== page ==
Minimalism and the lifestyle has been catching up. Youtube is filled with videos and documentaries on the Minimalist way of life. You watch a couple of them and you kinda sorta get an idea of what they’re trying to tell you, but then it starts to seem black and white and depressing. It’s difficult to ever imagine yourself being able to maintain a balance in your life in that manner.
But I tried to ponder more, on my own, whenever possible. Started to observe my lifestyle, and that of other around me. took mental notes of what I liked and disliked, what i agreed and disagreed with with this new lifestyle. And like always I try to bring all my cluttered thoughts to religion to seek guidance in the right way. Because the base of all my beliefs is that if there’s a right way to do anything my Creator knows it, because He created me and everyone else on earth and beyond. And so I did that.
Minimalism is not out there in that term, but there’s a term that would drive you to minimalism. And it’s a simple concept, a concept many of us have come across way before minimalism itself. Extravagance, in Arabic ‘israaf’. Israaf is not just a disliked activity in Islam, it is also a greater sin (Gunah e Kabira). So, there you go, forget choosing a lifestyle, you may have very well been sinning all this while! hehe.
We have taught Israaf on a basic level to children at madrasa for years, it is part of their ‘manners’ curriculum. And while we teach it m we only discuss it on the surface. Anyway, rightly assuming I don’t know anything about the topic I started reading the chapter of Israaf in the Greater sins book. It’s amazing how we are able to relate to examples as we grow older, and observant of people around us. Their decisions and their doings and how everything makes sense on a deeper, more productive level. Needless to say, I had multiple ‘aha’ moments, and forwarded the link to few people on my whatsapp contacts.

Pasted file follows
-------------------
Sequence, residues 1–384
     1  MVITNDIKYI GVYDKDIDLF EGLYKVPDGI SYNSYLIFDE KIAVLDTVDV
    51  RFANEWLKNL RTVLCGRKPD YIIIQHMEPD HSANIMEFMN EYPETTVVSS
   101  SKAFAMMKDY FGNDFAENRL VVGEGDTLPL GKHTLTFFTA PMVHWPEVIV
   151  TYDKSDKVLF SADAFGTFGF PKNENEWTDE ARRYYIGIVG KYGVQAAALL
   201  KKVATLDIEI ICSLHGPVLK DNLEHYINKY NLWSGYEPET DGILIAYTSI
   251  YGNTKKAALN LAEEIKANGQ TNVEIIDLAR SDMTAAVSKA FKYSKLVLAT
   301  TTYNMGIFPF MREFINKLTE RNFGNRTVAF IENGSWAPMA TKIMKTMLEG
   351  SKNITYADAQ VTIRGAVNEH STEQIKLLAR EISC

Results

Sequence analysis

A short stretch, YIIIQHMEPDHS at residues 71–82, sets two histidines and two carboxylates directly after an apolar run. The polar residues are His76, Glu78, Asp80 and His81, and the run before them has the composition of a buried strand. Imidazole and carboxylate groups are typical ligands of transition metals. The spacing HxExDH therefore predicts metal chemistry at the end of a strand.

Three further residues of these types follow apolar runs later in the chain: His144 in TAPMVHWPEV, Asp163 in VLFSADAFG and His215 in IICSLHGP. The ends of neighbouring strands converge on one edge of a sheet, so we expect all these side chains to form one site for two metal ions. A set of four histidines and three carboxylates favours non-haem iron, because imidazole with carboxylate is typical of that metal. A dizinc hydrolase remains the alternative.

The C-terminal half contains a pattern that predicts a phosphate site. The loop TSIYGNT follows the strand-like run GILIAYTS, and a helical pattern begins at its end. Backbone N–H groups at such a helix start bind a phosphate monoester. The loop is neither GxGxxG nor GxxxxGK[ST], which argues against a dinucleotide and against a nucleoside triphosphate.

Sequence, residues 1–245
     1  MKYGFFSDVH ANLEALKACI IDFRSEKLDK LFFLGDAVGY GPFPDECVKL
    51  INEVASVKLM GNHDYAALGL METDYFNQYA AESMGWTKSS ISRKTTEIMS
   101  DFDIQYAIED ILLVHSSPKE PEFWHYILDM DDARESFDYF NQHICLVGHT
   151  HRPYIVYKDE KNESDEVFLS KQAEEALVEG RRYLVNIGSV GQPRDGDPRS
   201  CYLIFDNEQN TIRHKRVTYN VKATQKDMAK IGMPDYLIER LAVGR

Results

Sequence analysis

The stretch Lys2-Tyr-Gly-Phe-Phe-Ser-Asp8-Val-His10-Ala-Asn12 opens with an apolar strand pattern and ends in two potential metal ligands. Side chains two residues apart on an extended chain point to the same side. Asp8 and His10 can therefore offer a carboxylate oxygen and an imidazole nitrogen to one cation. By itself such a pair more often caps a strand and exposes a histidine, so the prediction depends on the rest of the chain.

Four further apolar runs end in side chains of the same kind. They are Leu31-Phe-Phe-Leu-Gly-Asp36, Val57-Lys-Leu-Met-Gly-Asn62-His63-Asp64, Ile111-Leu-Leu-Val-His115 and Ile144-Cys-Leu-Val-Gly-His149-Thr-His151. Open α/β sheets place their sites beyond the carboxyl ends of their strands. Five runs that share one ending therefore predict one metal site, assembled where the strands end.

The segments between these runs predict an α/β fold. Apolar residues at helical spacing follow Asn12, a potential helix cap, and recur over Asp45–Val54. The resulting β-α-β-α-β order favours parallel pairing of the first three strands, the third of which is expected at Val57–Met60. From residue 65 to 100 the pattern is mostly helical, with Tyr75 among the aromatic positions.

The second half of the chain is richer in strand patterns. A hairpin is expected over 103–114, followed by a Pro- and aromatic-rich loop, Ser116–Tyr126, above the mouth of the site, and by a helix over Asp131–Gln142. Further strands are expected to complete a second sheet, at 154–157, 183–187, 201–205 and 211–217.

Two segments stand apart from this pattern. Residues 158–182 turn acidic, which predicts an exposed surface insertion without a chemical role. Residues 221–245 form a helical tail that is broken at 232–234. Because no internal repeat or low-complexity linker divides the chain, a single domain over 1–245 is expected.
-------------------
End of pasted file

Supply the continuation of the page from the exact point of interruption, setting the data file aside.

I had never looked at israaf beyond its basic definition, honestly, I hadn’t even thought about it deep enough to realise how much of it I do on a regular, basis. And most importantly, need to be more mindful of these things. As a parent if I practice these day to day things correctly, it won’t be as much a struggle for my children.
To sum it up Israaf can and more often happens in our time, our physical and emotional efforts, our energy, our mental abilities, our money. In fact, every breath can become a victim of extravagance. If we realise that, and work towards eradicating this leech we would not only reduce wastage, but increase efficiency by putting in efforts where they’re needed. being mindful of israaf can actually enable us to not do it in things you don’t even currently posses. That’s the beauty of this concept. And while we all need to and are ordered to live up to our standard as per our means, we are also supposed to think about those around us who are in need before spending our time, money and energy on things we don’t need, but want.
As a human ending her 29th year of life, I would like to be in a state to be able to pass on wisdom, and gain more each day. Otherwise, it’s an israaf of my intellect. This made me realise how much I have already wasted, never to regain. We don’t see how much israaf negatively impacts our everyday lives on an individual and social level. It’s not a philosophical concept, it’s a realistic concept that every child and adult can relate to. I am so glad that I have a better more clearer perspective on things, another curtain has been lifted from my intellect and I am looking forward to (more than ever before) uncovering more wisdom in the future.